A Big Bend Cartoonist
Joseph "Jodie" Pickens Harris, III, druggist, soldier, oil operator, journalist, and cartoonist, was born in Anderson County, North Carolina, in 1876. At an early age he moved to Texas with his family and, in early adulthood, became a druggist in Mineral Wells.
In Mineral Wells, Harris was a member of Company I, 4th Texas Infantry, Texas National Guard. When Company I was mobilized during World War I for service on the Mexican Border, Harris was called to duty as a private.
While encamped on the outskirts of Marathon, and during occasional patrols in the vicinity of the Chisos Mountains, Harris in his free time graphically described in drawings on penny post cards, some humorous, some serious, the conditions and people he encountered in his career as a soldier. Many of the cards were sent to members of his family.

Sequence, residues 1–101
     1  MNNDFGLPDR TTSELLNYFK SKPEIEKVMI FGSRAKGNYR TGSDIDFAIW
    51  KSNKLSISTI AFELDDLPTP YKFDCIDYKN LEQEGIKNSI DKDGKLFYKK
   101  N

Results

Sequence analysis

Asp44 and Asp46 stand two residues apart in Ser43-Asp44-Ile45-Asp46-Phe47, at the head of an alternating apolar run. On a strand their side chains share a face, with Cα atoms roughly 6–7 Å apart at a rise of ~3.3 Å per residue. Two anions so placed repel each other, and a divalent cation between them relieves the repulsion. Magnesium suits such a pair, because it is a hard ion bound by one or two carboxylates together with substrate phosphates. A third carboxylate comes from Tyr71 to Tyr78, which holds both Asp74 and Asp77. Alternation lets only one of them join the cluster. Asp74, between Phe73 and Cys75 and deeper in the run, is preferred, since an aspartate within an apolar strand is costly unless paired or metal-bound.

In a number of cartoons produced in the fall of 1916, shortly after the creation of the National Park Service, Harris advocated the establishment of a national park in the Big Bend country.
After Company I was demobilized early in 1917, Harris went to San Francisco, California, and joined an ambulance corps. The corps, subsequently as the 364th Ambulance Company in the 91st Division, served in France in the St. Mihiel and Muese-Argonne campaigns. Harris received an award of merit for his service, and continued to send cartoons to his family.
Returning to Mineral Wells after the war, Harris became associated with the Breckenridge Oil and Gas Company as secretary-treasurer. During World War II he worked for the federal government in the Office of Censorship in El Paso and in the Department of the Navy in New York City. In ill health after the war, Harris spent the last few months of his life in the Big Spring Veterans Hospital. He died on May 6, 1960, and was buried in El Paso.
One of the first individuals to advocate national park status for the rugged landscape he patrolled as an infantryman, Harris' cartoons stand today as vivid example of the kind of impressions the Big Bend has left on visitors to the region for nearly a century.